Pokemon and Homeless Children (Spoilers and Triggers Ahead)

I usually do not blog about brand new shiny toys, due to income levels I tend to be way behind the curve but I was gifted Pokemon X this month and devoured the initial story rapidly. This is my favorite story so far. Yet after that initial story there is another… instead of just endlessly hunting pokemon down (710 I think now) you end up with a VERY socially aware story. I have a page break here so that people wanting to not be spoiled as far as plot can avoid it.

 

After you defeat the ubiquitous Team. This round, Team Flare, as always some of the villains have clearly escaped. You see them in the backgrounds in the city now and again. You find them trying to avoid you. As you run around on Skates or the bicycle, doing tricks if on the skates, catching pokemon and enjoying being a celebrity, the Hero of Kalos you will get a call on your holocaster. A mysterious voice… “My name is Looker… I want to meet you. Come to the Magenta Plaza and make a left.” Do you do it? If this was reality and you were a ten to sixteen year old child, the protagonist in the games appearing to have actually gotten a few birthdays according to this plot, would you want to take the risk? I think of this as I sent my character skating to the location. She enters the doors and finds herself in a Film Noir inspired Private Detective agency.

Looker does have a presence in the manga, the anime and now the games. He is a man of mystery who deals with even greater mysteries than his own identity. He tests your ability to follow video game directions, while your video game character detects things. He is impressed, makes you his partner in his agency and sends you out into the world on your first investigation rapidly. The case? Why are children playing in a dark alley instead of in playgrounds? This is a new development and their parents are duly worried. I wondered why the parents did not just go to the dark alley and find out but this is answered as soon as you find them. These kids have some of the toughest pokemon in the game. I was caught off guard as I was training weaker pokemon up, and found myself barely able to get through. I ran back to the pokemon center round the corner and healed my crew up before confronting the next child…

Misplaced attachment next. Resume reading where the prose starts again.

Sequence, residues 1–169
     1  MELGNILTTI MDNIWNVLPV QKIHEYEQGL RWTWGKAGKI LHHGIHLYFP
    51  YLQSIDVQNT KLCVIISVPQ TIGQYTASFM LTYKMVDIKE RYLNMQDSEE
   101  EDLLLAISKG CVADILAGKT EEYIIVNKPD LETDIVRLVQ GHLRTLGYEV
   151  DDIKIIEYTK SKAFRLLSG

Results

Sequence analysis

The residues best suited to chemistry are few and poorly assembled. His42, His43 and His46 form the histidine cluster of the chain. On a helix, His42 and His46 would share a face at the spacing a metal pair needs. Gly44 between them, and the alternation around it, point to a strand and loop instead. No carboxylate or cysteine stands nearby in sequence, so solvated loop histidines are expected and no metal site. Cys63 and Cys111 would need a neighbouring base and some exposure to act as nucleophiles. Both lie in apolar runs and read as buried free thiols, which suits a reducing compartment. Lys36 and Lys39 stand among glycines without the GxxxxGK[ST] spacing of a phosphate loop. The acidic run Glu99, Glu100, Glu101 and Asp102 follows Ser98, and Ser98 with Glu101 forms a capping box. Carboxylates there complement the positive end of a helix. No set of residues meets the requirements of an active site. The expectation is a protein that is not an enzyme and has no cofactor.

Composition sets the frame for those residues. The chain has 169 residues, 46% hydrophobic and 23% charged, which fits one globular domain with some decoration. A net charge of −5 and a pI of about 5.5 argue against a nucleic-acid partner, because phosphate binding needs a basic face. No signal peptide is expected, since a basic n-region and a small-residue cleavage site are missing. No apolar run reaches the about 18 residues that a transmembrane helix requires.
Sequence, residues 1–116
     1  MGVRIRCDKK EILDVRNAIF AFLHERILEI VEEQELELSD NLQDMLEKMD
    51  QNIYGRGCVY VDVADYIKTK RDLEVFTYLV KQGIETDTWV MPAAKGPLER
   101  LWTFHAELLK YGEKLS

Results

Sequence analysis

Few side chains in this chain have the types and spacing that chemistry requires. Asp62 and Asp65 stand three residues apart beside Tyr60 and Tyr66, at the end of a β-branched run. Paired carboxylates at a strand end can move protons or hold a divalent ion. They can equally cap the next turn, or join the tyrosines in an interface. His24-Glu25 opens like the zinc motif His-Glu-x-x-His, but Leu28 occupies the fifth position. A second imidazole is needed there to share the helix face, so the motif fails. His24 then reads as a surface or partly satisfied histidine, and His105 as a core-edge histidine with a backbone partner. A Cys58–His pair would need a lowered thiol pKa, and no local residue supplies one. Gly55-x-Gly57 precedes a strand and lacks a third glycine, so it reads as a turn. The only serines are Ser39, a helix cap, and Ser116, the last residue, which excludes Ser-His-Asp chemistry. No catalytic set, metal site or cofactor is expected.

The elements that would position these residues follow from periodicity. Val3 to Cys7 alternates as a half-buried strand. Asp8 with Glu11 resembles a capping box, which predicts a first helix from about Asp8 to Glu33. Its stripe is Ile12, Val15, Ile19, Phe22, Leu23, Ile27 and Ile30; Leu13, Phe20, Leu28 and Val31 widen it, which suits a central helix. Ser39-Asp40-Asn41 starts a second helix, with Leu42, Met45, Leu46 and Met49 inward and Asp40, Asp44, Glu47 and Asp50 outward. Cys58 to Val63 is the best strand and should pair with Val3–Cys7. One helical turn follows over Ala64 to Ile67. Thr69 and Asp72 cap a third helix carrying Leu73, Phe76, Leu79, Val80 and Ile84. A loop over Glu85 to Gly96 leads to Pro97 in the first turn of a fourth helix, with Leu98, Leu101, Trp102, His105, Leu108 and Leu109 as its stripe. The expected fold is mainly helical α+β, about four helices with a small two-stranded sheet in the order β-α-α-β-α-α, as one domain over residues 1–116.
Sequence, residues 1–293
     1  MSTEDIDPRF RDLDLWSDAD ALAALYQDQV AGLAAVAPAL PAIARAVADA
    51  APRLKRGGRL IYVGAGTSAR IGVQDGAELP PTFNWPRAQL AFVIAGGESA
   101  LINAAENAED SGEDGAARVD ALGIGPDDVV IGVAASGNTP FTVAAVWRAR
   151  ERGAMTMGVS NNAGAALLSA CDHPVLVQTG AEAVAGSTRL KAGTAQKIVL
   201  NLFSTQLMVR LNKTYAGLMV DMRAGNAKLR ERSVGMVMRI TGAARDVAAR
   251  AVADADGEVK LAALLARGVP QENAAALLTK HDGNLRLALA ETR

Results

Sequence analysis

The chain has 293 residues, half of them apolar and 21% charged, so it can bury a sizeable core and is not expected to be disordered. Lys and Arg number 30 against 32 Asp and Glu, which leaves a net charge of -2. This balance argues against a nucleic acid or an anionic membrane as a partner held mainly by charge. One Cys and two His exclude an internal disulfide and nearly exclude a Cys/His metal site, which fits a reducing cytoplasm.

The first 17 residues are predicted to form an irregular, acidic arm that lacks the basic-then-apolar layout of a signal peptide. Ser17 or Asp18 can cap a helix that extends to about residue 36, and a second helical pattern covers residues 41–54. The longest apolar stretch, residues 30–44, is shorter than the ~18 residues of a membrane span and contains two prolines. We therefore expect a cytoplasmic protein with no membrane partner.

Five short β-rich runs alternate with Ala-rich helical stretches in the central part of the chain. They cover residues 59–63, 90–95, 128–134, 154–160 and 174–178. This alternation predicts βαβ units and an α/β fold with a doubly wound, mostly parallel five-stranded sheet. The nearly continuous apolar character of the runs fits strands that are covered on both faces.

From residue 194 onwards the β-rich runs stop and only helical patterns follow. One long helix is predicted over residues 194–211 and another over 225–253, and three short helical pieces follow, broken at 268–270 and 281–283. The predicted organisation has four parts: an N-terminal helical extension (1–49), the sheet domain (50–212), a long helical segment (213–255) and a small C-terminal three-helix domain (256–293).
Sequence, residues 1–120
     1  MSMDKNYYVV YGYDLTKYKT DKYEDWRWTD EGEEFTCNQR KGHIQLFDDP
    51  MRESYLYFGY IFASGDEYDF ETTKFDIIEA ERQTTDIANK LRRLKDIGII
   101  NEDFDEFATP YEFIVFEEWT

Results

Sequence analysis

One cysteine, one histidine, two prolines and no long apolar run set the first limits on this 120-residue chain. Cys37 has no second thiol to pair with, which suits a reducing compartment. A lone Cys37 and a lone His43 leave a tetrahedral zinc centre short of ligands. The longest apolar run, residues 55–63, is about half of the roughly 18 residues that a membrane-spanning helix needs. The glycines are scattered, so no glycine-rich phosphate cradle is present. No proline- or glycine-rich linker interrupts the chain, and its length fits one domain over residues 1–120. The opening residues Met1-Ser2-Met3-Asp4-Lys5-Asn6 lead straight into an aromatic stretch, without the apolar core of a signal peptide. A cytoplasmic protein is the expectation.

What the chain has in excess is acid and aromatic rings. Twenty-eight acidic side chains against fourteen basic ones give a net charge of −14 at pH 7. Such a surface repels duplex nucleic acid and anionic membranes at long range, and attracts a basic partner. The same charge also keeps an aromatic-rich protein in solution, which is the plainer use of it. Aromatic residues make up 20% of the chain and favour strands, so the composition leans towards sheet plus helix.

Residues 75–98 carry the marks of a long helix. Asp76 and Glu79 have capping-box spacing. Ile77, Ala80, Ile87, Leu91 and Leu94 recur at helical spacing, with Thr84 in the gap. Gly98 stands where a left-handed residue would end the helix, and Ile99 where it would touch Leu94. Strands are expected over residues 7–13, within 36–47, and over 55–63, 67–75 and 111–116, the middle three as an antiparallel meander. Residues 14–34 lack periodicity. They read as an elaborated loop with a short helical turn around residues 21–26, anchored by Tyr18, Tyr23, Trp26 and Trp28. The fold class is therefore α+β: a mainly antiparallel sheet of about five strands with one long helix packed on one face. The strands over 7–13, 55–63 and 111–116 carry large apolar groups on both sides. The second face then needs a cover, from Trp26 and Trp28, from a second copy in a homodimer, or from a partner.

Her name is Emma. She has dark hair, big blue eyes and her face has signs of sorrow programmed into it. Emma is protected by a psychic cat pokemon. She explains to Looker and the heroine of Kalos why she is there. She has no home. Never has. Her parents abandoned her and the Espurr Mimi was all that she had left in the world. The kids simply wanted to play. Looker’s attempt at being hard boiled fails and the detective immediately tries to adopt Emma and Mimi. Mimi, the psychic cat is afraid of adults and runs off. Terrified Emma asks you, the player, to go and tame her feral cat. You must not pet her, but must smile, dance, or laugh. You must win the trust of this tiny little feline. Then, and only then does this homeless child, tucked away into the game get a home.

This is not the end of the Saga for Emma and Mimi either. They struggle to adjust. Surviving on the streets Emma fell in with a bad crowd. Rough kids that didn’t have guidance. They start stealing pokemon because they know Emma will come and make them give it back and they miss her. She was afraid she would lose her home so tried to keep that part of her life a secret. Looker and his partner have to deal with these thugs, getting there before Emma. Her secret revealed she finds out that again, Looker is understanding and compassionate. It is clear that this man has been in her position to me at that point and that maybe one of the writers has. This is a game that is rated as E for everyone. There could be ten year olds playing it wondering if other children are homeless. Maybe they are homeless and this was something their parents did with the little bit of money they earned at their full time job to comfort them.